Andaman

 
Introduction
Palm leaves dancing in the mild breeze, powder white beaches, the sound of waves breaking on a coral reef, lush, green rain forests and chirping rare birds-this is what the Andaman and Nicobar Islands essentially are. An archipelago of islands, islets and rocks, this Union Territory of India is home to some of the oldest tribes in the country. Though facilities for trekking, diving and snorkelling are available here, the best way to enjoy a trip to these islands is simply relax by the sea.
Location
Located in the Bay of Bengal, this group of 572 islands lies 193 km away from Cape Negrais in Myanmar, 1255 km from Calcutta, and 1190 km from Chennai. The two important groups of islets are Ritchie's Archipelago and Labyrinth Islands. The Nicobar Islands are located to the south of the Andamans, 121 km from the Little Andaman Island. Of the total 572 islands, only 36 islands are inhabited. The Islands are located between the latitudes 6° to 14° North and longitudes 92° to 94° East.
Physical features
The Andaman and Nicobar Islands comprise around 572 islands formed by a submarine mountain range, which separates the Bay of Bengal from the Andaman Sea. The islands attain maximum altitude at Saddle Peak (730 m), formed mainly of limestone, sandstone, and clay.
Climate
The islands have a tropical climate. There is medium to heavy rain during the monsoon, in the months from May to mid September and November to mid December. There is no extreme climate except rains and tropical storms in late summer often cause heavy damage
Flora and Fauna
The canopied rain forests of the islands harbor 3,000 species of plants including mangroves, epiphytes (130 ferns, 100 orchids), palms, woody climbers, timbers (teak, mahogany, Andaman paduk) and a wide variety of tropical fruits. Marine fauna is diverse including a wide variety of tropical fish and coral. Considering the diversity and uniqueness of fauna and flora and the fragile nature of the eco-system here, 96 sanctuaries spread over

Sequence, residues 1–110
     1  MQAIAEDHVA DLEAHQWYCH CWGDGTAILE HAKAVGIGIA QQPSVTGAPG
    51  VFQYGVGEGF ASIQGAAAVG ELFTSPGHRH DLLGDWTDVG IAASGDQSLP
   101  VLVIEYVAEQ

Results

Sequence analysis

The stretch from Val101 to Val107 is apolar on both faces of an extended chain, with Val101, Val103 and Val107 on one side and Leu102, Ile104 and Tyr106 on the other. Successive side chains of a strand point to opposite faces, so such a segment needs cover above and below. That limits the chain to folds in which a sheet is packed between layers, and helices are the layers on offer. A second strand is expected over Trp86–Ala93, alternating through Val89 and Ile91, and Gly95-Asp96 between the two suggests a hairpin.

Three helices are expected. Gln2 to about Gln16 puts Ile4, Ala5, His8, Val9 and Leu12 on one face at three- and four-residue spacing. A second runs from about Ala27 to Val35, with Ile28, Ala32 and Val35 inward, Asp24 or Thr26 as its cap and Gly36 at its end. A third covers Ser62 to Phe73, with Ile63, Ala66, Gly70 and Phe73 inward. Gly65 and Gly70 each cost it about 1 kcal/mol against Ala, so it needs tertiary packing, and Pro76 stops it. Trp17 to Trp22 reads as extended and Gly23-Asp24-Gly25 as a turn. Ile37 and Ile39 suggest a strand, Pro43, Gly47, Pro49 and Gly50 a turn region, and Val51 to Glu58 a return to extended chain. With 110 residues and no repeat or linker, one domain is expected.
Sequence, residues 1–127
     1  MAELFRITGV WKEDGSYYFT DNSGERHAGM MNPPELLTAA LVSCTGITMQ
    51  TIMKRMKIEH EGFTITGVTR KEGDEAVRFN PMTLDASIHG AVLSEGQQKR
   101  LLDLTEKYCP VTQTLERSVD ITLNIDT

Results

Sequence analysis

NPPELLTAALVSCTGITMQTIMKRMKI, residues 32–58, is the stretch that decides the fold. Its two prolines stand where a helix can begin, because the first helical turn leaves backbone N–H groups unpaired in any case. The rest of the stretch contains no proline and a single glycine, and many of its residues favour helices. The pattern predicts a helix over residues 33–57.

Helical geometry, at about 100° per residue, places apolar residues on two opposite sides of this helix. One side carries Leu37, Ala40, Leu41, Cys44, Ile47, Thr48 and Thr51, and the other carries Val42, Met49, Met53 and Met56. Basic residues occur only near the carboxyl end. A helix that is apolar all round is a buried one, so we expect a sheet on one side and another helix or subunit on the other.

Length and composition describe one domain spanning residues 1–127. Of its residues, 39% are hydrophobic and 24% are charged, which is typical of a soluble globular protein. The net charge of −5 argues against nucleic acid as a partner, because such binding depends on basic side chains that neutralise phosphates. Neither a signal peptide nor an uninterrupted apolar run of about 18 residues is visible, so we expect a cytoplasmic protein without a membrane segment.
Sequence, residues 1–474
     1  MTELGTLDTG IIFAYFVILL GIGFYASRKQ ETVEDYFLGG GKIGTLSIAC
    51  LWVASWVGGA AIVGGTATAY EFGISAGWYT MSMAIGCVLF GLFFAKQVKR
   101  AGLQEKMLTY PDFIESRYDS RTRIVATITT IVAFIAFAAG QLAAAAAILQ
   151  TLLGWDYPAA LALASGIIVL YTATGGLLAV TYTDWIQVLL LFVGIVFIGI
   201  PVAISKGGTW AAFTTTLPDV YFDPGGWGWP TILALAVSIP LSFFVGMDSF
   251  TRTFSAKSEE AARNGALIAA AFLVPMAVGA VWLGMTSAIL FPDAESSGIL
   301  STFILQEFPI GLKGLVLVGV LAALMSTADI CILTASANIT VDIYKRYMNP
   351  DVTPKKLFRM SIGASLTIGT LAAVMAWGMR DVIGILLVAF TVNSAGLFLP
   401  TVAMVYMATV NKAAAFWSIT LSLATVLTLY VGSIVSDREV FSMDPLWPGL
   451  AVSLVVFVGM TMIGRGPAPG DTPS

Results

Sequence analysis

History of the Island
Little is known historically about Andaman and Nicobar, a cluster of around 572 islands of which less than 50 are populated, stretching from the southern tip of Burma all the way down south till Sumatra in Indonesia. It is believed that Marco Polo was among the first from the West to set foot on one of the islands. Kanhoji Angre, a Maratha admiral had his base on the island in the early 18th century. From there, he attacked passing Portuguese, Dutch and English merchant vessels on their way to or from their various Asian colonies. In 1713, his navy even succeeded in capturing the yacht of the British Governor of Bombay. Despite many efforts by the British and later a joint military force of British and Portuguese naval forces, Kanhoji Angre was never defeated. He died in 1729. The British established their first colony in the Andaman and Nicobar Islands in 1789, which was abandoned in 1796. The British finally annexed the islands in the 19th century adding them to their empire. They turned it into a penal colony for Indian freedom fighters. The construction of the infamous Cellular Jail was completed in 1908. Hundreds of anti-British Indians were tortured to death or simply executed here. With the Second World War, Japanese troops occupied the islands and the local tribes initiated guerrilla activities to drive them out. When India achieved independence in 1947, the Andaman and Nicobar Islands were incorporated into the Indian Union.